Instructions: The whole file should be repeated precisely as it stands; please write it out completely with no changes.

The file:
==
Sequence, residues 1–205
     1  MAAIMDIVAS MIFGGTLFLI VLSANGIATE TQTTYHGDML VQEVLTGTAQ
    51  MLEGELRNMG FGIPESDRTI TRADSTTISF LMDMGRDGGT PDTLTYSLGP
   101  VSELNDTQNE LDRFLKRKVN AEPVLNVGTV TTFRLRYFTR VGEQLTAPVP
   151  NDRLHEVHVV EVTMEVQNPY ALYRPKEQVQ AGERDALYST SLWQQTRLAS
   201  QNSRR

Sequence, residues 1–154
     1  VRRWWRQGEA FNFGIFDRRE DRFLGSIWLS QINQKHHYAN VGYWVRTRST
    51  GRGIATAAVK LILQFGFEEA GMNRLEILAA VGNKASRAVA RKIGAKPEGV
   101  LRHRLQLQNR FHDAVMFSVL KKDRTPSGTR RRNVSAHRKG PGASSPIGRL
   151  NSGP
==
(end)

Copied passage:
Sequence, residues 1–205
     1  MAAIMDIVAS MIFGGTLFLI VLSANGIATE TQTTYHGDML VQEVLTGTAQ
    51  MLEGELRNMG FGIPESDRTI TRADSTTISF LMDMGRDGGT PDTLTYSLGP
   101  VSELNDTQNE LDRFLKRKVN AEPVLNVGTV TTFRLRYFTR VGEQLTAPVP
   151  NDRLHEVHVV EVTMEVQNPY ALYRPKEQVQ AGERDALYST SLWQQTRLAS
   201  QNSRR

Sequence, residues 1–154
     1  VRRWWRQGEA FNFGIFDRRE DRFLGSIWLS QINQKHHYAN VGYWVRTRST
    51  GRGIATAAVK LILQFGFEEA GMNRLEILAA VGNKASRAVA RKIGAKPEGV
   101  LRHRLQLQNR FHDAVMFSVL KKDRTPSGTR RRNVSAHRKG PGASSPIGRL
   151  NSGP